July 15, 2020
In this newsletter . . .
When I began writing about fitness I was in an age category I like to call “young seniors,” people still in their 50s. Some people in their 50s may take umbrage at being referred to as “senior.” And I understand. I arbitrarily drew the senior line at age 50, based mostly on AARP’s definition. Somehow they know when anybody in the U.S. turns 50 and an AARP membership solicitation arrives in one’s mailbox.
Like many in my 50s, I had about the same strength and was still working out with the same intensity as I had been in my 30s and 40s. Even in my 60s, I noticed only small differences in ability. In my 70s, losses started to become more apparent. But they came on gradually. The phonographs on my website and the one on this page were taken at age 69 or 70. Today, at 83, I’ve shrunk in both height and most certainly in muscle size.
I have no numbers from scientific polling, yet I’m sure that much of my website and
subscriber audience has gotten older as well. I get a sense of this from email responses. Gone, I would guess, are many of the young seniors who are still pushing the limits lifting heavy iron. It’s understandable. Gradually, as many of my subscribers have aged along with me, maintaining good health and fitness has become more important than increasing how much we can lift in bench presses and squats. It is a healthy transition as we age.
Pushing the very limits of weights lifted, for example, is not the best way to treat aging tendons and ligaments. Dangers lurk. Movement and staying active is still the way to go. No question. But higher repetitions with more moderate poundage is more likely to keep us going longer and more injury free. And resistance bands are wonderful, by the way.
For some, this is not an easy sell. When you have pushed the workout limits for most of your
life, tapering off is the antithesis of what you have believed and practiced in the quest for being the best that you can be.
Yet for lasting fitness and good health, adjusting to more moderate training should evolve. Otherwise damaged rotator cuffs and other fun await many who refuse to moderate; and aching knees and backs court the relentless aging runner who refuses to taper off a bit.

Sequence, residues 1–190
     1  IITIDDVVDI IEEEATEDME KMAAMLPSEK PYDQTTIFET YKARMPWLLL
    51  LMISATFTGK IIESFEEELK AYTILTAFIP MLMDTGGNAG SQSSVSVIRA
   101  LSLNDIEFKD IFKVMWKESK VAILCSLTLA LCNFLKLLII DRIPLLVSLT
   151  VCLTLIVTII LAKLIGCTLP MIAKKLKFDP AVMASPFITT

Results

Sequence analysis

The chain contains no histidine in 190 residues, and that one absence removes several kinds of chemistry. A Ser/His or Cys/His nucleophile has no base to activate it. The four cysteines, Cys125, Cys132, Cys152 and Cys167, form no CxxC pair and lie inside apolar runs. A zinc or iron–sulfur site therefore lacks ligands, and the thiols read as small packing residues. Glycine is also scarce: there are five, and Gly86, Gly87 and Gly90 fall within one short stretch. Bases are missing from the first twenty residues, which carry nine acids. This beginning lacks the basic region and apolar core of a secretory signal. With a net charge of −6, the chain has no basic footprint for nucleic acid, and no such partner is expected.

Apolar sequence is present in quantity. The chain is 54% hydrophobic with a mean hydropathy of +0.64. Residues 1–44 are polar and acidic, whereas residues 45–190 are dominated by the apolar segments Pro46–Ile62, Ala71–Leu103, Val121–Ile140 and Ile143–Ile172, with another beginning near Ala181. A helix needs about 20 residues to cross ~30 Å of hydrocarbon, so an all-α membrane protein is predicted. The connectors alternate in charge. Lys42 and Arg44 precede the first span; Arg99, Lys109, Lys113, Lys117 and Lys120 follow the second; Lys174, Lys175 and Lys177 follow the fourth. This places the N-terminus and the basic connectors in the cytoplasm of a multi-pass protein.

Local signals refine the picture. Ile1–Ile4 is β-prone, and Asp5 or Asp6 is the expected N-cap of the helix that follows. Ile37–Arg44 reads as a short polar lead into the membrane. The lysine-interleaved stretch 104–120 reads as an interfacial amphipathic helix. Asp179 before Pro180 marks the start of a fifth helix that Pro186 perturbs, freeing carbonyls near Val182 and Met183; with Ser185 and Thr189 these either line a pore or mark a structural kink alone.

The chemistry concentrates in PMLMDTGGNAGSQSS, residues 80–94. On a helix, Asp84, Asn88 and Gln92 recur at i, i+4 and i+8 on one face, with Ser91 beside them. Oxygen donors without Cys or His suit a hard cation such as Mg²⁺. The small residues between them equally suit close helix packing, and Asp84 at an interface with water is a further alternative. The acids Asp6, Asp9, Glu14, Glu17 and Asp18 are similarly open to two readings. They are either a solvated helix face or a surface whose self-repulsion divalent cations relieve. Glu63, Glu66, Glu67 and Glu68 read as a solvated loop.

One of my favorite quotes comes from the great philosopher, Dirty Harry, who said: ”A man’s got to know his limitations.” Thank you, Clint Eastwood. No he wasn’t talking about aging intelligently when he said the line in a movie. But it certainly works as a proper comment about being smart as we grow older.
As a senior, most of the fitness information you’ll need can be found here.
Stay healthy. Stay fit.
Senior Exercise Central
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The Gray Iron Fitness Newsletter is a free publication sent twice monthly to subscribers. The purpose is to provide honest and realistic fitness information for people age 50 and above.
I have never been paid or received compensation of any kind to write a positive review or endorse a product. If I say that I personally use a product or service, it is because I find value in it and have paid for it with my own money.
Like newspapers, magazines and television, this newsletter and my web site contain advertising and marketing links. Naturally, I am compensated for these.
The newsletter and web site provide information to help users establish and maintain a fitness lifestyle. But fitness information is not the same as fitness advice, which is the application of exercise and dietary practices to an individual's specific circumstances. Therefore, always consult with your physician for assurance that fitness information, and
your interpretation of it, is appropriate for you.
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The Gray Iron Fitness Newsletter